Helen of Bollywood

The 'Helen song' became, and still is, a signifier.

The 'Helen song' became, and still is, a signifier.  


Hers was the face that launched over 500 films. Read on to find out about the trials and triumphs of the project.

She was barely 13 when she first danced her way as a chorus girl into the then not-so-bad world of mainstream Hindi cinema, a white woman in a brown world. The film was 'Shabistan'. So from 1952 to 'Bulundi' in1981, during which she succeeded in becoming an icon of sorts, Helen sashayed in nearly 500 films - and doing some cameo roles subsequently before settling down in life as scriptwriter Salim Khan's second wife. Technically, however, her last film as a dancer was Akbar Khan's 'Haadsa' in 1983.Born on July 14, 1938 or 1939, Helen's first solo dance was in K. Amarnath's 'Alif Laila'. But she actually started to redefine 'the grammar of movement for women in Hindi cinema,' 'the shaking hips, the thrusting breasts' when she sang the immortal 'Mera Naam Chin-Chin-Choo' in the Ashok Kumar-Madhubala-starrer 'Howrah Bridge' in 1958. By this time she had appeared as a solo dancer in 65 films. Although she played the leading lady in 15-odd films, despite her bursting sensuality, she failed to make the grade. Bad counselling and wrong choices were factors that might have contributed to her failure. 'By appearing in 22 films in a single year, she was not doing her career any favours. She was overwhelming the demand with the supply.' All these and other facts about this rare cinematic phenomenon appear in 'Helen: The Life and Times of an H-Bomb' by Jerry Pinto (Penguin).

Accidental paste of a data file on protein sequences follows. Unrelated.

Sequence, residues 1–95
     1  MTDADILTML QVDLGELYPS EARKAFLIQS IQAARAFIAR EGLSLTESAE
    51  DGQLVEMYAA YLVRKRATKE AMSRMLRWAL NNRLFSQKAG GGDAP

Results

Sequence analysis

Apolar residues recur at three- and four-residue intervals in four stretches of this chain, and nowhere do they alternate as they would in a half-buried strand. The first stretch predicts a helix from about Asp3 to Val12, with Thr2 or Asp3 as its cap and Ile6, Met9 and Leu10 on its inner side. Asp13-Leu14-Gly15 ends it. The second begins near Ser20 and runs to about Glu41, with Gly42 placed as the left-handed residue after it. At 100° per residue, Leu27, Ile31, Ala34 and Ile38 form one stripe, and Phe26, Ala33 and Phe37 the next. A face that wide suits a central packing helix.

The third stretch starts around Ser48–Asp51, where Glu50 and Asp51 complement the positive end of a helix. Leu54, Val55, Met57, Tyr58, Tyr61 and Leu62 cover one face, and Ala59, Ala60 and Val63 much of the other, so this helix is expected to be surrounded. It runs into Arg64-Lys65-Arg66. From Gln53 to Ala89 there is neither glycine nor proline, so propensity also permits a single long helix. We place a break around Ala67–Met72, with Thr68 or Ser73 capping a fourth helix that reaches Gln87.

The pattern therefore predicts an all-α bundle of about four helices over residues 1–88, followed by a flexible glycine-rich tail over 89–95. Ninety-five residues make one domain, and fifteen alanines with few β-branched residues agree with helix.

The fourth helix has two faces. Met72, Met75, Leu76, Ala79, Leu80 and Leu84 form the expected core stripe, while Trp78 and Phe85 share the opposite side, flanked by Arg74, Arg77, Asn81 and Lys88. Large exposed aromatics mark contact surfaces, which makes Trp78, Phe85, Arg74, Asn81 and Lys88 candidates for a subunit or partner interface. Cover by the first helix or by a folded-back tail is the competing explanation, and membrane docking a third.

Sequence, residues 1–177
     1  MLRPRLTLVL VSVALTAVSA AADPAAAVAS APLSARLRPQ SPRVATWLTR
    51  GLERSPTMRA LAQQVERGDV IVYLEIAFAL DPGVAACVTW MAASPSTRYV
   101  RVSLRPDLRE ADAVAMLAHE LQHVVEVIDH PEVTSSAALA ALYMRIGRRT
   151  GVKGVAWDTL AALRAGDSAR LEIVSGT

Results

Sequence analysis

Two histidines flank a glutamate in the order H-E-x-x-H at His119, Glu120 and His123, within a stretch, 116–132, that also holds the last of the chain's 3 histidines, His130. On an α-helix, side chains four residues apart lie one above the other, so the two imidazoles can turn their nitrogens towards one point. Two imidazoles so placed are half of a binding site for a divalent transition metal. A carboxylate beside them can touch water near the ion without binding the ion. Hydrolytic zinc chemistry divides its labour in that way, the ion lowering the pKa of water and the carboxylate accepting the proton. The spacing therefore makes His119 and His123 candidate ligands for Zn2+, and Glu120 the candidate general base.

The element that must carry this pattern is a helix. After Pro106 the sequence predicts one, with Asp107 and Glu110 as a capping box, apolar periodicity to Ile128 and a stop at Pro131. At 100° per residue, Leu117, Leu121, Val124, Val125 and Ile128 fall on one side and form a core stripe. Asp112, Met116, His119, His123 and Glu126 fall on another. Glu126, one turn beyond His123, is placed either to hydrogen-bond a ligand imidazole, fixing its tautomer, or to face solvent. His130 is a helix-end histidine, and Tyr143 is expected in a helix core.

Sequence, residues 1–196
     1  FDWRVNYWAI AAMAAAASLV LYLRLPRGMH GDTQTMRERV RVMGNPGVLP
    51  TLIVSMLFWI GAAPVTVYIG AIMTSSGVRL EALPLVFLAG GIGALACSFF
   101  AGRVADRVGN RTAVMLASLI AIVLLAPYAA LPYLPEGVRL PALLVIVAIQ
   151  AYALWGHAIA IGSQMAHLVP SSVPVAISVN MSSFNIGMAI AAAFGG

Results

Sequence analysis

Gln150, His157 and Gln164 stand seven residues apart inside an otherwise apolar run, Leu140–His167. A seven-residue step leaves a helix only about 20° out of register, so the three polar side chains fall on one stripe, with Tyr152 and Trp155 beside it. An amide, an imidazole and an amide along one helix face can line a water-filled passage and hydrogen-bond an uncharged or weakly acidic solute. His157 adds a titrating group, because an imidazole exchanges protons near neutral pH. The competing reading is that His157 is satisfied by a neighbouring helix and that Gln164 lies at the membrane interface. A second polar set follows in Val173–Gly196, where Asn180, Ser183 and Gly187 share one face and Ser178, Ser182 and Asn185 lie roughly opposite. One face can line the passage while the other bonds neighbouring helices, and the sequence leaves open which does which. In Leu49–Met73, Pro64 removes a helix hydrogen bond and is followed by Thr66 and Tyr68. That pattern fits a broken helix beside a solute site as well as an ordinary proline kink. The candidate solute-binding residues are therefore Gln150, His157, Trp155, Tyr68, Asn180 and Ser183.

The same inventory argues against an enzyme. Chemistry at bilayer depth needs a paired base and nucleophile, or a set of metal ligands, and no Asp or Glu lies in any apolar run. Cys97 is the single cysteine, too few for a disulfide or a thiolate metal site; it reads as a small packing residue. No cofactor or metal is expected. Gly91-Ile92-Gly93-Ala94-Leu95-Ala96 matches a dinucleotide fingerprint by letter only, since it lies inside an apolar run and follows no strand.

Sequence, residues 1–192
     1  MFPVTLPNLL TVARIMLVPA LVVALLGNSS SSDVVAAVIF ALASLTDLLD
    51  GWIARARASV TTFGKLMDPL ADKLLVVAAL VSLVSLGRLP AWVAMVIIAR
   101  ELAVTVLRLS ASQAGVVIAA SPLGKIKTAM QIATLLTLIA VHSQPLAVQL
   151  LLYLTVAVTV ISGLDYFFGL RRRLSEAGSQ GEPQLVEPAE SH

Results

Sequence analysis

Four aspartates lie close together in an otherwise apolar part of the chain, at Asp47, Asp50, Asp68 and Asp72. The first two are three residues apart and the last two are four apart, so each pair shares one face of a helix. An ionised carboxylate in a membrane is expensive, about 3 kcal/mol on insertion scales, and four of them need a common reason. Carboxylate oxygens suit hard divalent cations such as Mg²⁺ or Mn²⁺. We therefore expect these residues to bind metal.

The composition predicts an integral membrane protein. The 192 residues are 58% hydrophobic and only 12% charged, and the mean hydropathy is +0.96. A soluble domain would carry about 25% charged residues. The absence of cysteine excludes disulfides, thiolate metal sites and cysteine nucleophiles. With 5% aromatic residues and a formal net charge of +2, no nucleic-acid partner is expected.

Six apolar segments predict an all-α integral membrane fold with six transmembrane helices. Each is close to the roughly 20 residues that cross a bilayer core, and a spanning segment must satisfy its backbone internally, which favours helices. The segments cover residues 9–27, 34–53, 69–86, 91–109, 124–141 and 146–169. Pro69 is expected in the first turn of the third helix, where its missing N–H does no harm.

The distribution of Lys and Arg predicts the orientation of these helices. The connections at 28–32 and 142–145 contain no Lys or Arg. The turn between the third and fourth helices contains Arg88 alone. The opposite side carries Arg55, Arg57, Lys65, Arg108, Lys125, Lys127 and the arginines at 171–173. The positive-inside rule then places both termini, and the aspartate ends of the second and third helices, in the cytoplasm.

Notion of exotica

'Helen was exotic as all vamps must be, but the Bombay film industry's somewhat uncomplicated notion of exotica was such that Helen could be made to fit any set of circumstances. As an alien with no fixed place of origin (her mother was a half-Spanish, half-Burmese, and her father a Frenchman posted in Burma though she took on her step-father and became Helen Richardson and walked her way to Assam along with other refugees after the Second World War), she could be any kind of foreigner, any outsider.' It is a tribute to her talent and charisma that she literally side-stepped all competition during the period she strutted her stuff to perfection. 'How good a job did Helen make of seduction? A great one for the viewers - her fan base hasn't diminished much in close to 50 years.'And Jerry Pinto has done a great job in recreating the Helen-mystique through a racy narrative, and by seeking to encapsulate 'several myths lying around, myths that slowly began to become the stuff of legend' without having met or known the great seductress of Hindi cinema. In his own words: 'In a way, this book has tried to explain what Helen meant to Hindi cinema and the ways in which three generations of film directors chose to employ what she represented' (without ever looking vulgar or arousing disgust - the way some of the 'item' girls do in Hindi films of today - no matter what costume she sported, or did not).'In most cases, the memory of Helen is the memory of a dance. The 'Helen song' became, and still is, a signifier.' And so is this narrative that has so beautifully succeeded in recreating the life and times of Helen without getting to know her personally. That is, and has been the problem with film stars. They are 'a wall of perfectly civil non-cooperation' in sharing their trials, tribulations as well moments of triumphs and bliss. Had Helen even shared some of her better-forgotten or cherished moments, Pinto surely would have produced a classic

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